Andrei Arshavin: Euro’s Wonder

Andrei Arshavin: Euro’s Wonder

The Russians are coming

With the end of the cold war and break up of the Soviet Union, the Russians have not been in the news as much. No more wall to tear down. Now in the movies you don’t see the enemy as the Red Army of Russia but some kind of mid east terrorist.

Russia is a country that’s still figuring itself out it seems, still figuring out what to do with all their natural resources and expansive territory, all the oil and vodka. But the Russians are back. Back in the sphere of the world’s game, and a man named Andrei Arshavin is leading the charge. This is a weak intro, but you get the idea, Russian soccer players will light up the transfer boards and end up wearing the jerseys of a number of La Liga, EPL and Serie A clubs.

Andrei currently plays for Zenit St. Petersburg and led them to the UEFA Cup title, but his explosion on the Euro stage has all the pundits talking about what big club will scoop him up for next season. He has said he wants to leave Zenit as well.

Arshavin, has both speed and quickness, and he was a nightmare for the Dutch team as they fell 3-1 to the Russian side. He’s skillfulness got him to the byline late in overtime and he crossed to the far post where Torbinksi barely snuck in his foot to put the ball home. Torbinksi just got his foot in, as in he was barely able to avoid colliding with the post. At first it seemed like Arshavin had simply crossed the ball into the net, but there was Torbinski. A dog pile ensued, with Torbinski at the bottom of the pile as the Russian’s looked to have secured the win. The cameras were able to capture the face of Torbinski at the bottom of the pile, his eyes wild with enthusiasm.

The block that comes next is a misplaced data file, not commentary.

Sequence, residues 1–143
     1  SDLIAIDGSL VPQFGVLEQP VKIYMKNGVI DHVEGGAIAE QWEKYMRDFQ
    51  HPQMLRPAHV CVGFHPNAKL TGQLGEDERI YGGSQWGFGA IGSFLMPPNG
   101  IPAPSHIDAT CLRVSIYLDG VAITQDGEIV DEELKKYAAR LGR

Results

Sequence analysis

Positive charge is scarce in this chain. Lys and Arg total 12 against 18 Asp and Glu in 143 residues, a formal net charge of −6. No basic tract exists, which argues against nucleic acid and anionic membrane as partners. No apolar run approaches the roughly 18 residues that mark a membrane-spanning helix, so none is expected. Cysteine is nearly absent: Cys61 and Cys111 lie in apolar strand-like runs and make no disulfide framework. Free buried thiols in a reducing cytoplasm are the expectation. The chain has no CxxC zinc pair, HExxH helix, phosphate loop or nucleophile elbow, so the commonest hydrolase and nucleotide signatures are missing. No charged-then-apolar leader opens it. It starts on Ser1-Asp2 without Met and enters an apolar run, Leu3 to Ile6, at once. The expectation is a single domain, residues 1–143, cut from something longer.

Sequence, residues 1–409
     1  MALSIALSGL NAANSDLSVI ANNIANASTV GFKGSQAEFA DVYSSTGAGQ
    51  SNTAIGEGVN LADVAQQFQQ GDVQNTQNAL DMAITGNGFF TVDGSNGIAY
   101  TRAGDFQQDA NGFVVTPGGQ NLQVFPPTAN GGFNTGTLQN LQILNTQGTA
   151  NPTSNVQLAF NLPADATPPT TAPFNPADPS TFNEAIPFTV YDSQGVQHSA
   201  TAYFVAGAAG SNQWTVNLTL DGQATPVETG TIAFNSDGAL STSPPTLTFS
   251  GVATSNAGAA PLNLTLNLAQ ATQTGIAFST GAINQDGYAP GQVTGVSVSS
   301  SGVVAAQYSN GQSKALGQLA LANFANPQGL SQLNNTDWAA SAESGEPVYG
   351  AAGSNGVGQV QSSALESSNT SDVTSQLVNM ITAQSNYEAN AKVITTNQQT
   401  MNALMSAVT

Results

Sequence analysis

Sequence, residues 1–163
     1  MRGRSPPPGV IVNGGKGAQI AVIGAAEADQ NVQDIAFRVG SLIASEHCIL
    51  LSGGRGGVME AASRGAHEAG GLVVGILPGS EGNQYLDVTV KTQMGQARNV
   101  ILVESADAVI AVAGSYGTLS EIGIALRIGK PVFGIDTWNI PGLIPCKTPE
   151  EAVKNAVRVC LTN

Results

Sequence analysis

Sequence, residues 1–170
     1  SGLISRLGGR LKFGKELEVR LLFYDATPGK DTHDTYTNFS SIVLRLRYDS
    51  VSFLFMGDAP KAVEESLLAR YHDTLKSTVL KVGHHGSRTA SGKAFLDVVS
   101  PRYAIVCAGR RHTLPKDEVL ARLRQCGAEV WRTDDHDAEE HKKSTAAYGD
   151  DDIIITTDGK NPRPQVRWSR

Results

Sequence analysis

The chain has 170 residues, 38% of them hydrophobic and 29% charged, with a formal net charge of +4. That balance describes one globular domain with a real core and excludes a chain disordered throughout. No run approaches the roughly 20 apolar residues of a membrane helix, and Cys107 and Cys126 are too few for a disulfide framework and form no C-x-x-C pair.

Sort of mafia like in their determination – some have said their endurance enabled them to hold off the Dutch and gave them the edge in overtime.

To top it all off Arshavin scored off a throw-in in the closing minutes, a deflection putting the ball through the legs of Van Der Sar after he’d darted past two defenders. The victory was sealed.

With Euro 2008 now at the semifinal stage, and the Russian’s set to face Spain, Arshavin could have two more games yet to raise the stacks of cash being put together to render his services. 

Extra: Guus Hiddink wasn’t concerned about being named a ‘traitor’ back in his homeland of the Netherlands. I’m not sure what to think exactly. Do you honor your country and choose not to coach a team that could face said country? Choose not to coach national teams of other countries but just club teams to avoid this potential conflict?

For Hiddink, who steered South Korea into the semifinals of the World Cup in 2002, he’s all about coaching good soccer and giving his players the chance to win big titles. Don’t think you can fault him for that, but there’s a bunch of fans in orange who wish he wouldn’t.